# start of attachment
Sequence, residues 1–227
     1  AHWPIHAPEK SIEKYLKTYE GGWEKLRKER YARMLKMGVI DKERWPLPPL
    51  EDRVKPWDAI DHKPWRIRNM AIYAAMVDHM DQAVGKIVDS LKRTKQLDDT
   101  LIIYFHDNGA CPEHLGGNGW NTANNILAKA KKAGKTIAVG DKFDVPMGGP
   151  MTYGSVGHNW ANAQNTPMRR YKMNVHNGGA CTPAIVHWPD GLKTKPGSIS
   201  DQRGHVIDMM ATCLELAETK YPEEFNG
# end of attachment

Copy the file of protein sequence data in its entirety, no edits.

Sequence, residues 1–227
     1  AHWPIHAPEK SIEKYLKTYE GGWEKLRKER YARMLKMGVI DKERWPLPPL
    51  EDRVKPWDAI DHKPWRIRNM AIYAAMVDHM DQAVGKIVDS LKRTKQLDDT
   101  LIIYFHDNGA CPEHLGGNGW NTANNILAKA KKAGKTIAVG DKFDVPMGGP
   151  MTYGSVGHNW ANAQNTPMRR YKMNVHNGGA CTPAIVHWPD GLKTKPGSIS
   201  DQRGHVIDMM ATCLELAETK YPEEFNG